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20th May 2019

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UN calls for EU 'courage' on immigration

  • Refugee camp on Jordan-Syria border: there are more displaced people in the world today than at any time since WWII (Photo: EUobserver)

The UN special envoy on migration has urged EU leaders to show more “courage” in the face of growing “nationalism” in Europe.

Peter Sutherland, who was also Ireland’s EU commissioner in the 1980s, told EUobserver from New York on Wednesday (27 May) that European politics is stuck in a vicious circle.

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“What doesn’t help is that arguments in favour of migration aren’t being articulated because politicians are fearful of being labelled ‘pro-immigrant’,” he said.

“It’s a circular situation, where you get more and more anti-immigrant feeling based on wrong information”, he added.

“There’s no question that anti-immigrant parties are gaining support. But does that mean you surrender your beliefs and your principles? People who disagree with this [nationalist rhetoric] should show more courage and should fight for their values in their own constituencies”.

Sutherland spoke amid a backlash by several EU states - including France, Poland, and the UK - against European Commission proposals to share the burden of asylum seekers and refugees.

Their reaction comes amid the rise, in recent years, of anti-immigrant parties such as Ukip in Britain or the National Front in France.

“I don’t want to point fingers, but some are doing better than others”, the UN envoy noted.

He said Germany and Sweden are positive models of countries which take in large numbers of refugees and which make the case for immigration.

Both of them have witnessed popular resentment.

The Sweden Democrats, a Ukip-type party, won 13 percent of votes in the last election. In Germany, which also hosts the EU’s largest Turkish community, the anti-Muslim Pegida movement holds regular torch-lit rallies.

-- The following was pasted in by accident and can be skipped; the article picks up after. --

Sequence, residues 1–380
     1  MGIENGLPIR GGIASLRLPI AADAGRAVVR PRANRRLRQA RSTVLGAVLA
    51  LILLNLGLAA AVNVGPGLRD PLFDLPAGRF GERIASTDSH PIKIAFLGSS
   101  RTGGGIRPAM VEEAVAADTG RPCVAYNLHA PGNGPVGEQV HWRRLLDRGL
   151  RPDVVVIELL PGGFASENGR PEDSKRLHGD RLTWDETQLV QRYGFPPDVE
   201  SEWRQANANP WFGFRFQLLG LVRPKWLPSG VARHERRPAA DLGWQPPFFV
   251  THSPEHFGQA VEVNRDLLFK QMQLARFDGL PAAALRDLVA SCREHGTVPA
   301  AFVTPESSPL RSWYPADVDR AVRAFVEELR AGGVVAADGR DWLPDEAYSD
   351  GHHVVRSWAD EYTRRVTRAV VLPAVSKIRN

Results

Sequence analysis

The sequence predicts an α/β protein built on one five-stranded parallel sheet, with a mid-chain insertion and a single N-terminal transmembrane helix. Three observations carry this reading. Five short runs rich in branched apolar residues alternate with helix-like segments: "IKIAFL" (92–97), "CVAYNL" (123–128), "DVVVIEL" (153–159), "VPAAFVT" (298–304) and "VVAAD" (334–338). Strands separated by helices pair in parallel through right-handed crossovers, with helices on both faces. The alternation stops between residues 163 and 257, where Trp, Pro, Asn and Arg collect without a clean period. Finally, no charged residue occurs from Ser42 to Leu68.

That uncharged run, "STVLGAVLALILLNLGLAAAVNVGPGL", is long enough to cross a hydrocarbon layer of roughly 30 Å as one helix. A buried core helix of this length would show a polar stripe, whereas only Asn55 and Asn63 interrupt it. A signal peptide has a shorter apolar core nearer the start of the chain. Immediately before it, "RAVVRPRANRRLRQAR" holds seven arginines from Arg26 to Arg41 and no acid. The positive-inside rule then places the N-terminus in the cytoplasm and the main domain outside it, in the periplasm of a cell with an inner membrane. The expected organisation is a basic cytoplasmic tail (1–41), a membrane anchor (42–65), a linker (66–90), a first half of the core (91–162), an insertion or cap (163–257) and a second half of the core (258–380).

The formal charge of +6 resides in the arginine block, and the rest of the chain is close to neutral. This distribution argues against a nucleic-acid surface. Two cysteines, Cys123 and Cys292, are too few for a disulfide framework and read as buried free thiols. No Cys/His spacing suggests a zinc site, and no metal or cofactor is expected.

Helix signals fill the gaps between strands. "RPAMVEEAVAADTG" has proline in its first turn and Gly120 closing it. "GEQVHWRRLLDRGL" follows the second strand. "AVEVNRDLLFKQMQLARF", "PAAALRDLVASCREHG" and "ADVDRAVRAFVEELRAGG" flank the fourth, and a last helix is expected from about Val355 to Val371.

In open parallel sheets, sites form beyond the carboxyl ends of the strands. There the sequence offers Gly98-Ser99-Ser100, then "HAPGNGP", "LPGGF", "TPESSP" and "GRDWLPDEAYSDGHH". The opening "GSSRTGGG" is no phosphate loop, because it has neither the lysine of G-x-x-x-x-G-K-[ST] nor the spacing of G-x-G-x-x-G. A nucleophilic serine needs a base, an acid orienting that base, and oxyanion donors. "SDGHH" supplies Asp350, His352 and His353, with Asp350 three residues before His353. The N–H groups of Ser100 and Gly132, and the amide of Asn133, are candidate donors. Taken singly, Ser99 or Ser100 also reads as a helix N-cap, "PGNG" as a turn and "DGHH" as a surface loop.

But Sutherland said their leaders “still have appetite” to bring in more foreigners.

“They welcome people and try to make them part and parcel of society”.

He also praised commission president Jean-Claude Juncker and his right-hand man, Dutch commissioner Frans Timmermans, for confronting national taboos.

“They’ve taken a bold step forward, which deserves credit”, he said.

Economic argument

Sutherland, a former businessman, said the economic argument in favour of immigration is an open and shut case.

“It’s proven over and over that migrants’ contribution to tax income far exceeds the cost of welfare benefits”.

“The economic capacity of migrants tends to be greater than that of the native population, unemployment rates are lower, but these figures are rarely discussed.”

Sutherland also held up the US as a model of a “new society” which absorbs migrants “without feeling an absence, a loss of its own culture”.

For his part, John Skrentny, a scholar of migration at the University of California at San Diego, recently told EUobserver that it’s dangerous to dismiss popular concerns.

He said the Western elite has “cosmopolitan values” but most of society “isn’t like that”.

“It’s easy to dismiss people as racists … [but] they feel powerless when they’re told they’re xenophobes. That’s what creates far-right votes”.

Age-old problem

Sutherland had little sympathy for the Ukip-type point of view.

He said that “at the end of the day, it [anti-immigrant discourse] is just the age-old problem of nationalism”.

Citing George Orwell, the British novelist and left-wing polemicist, he added: “Orwell said that nationalism just means thinking that you’re better than other people”.

“These are not the kind of values which underpin the European Union or the United Nations”.

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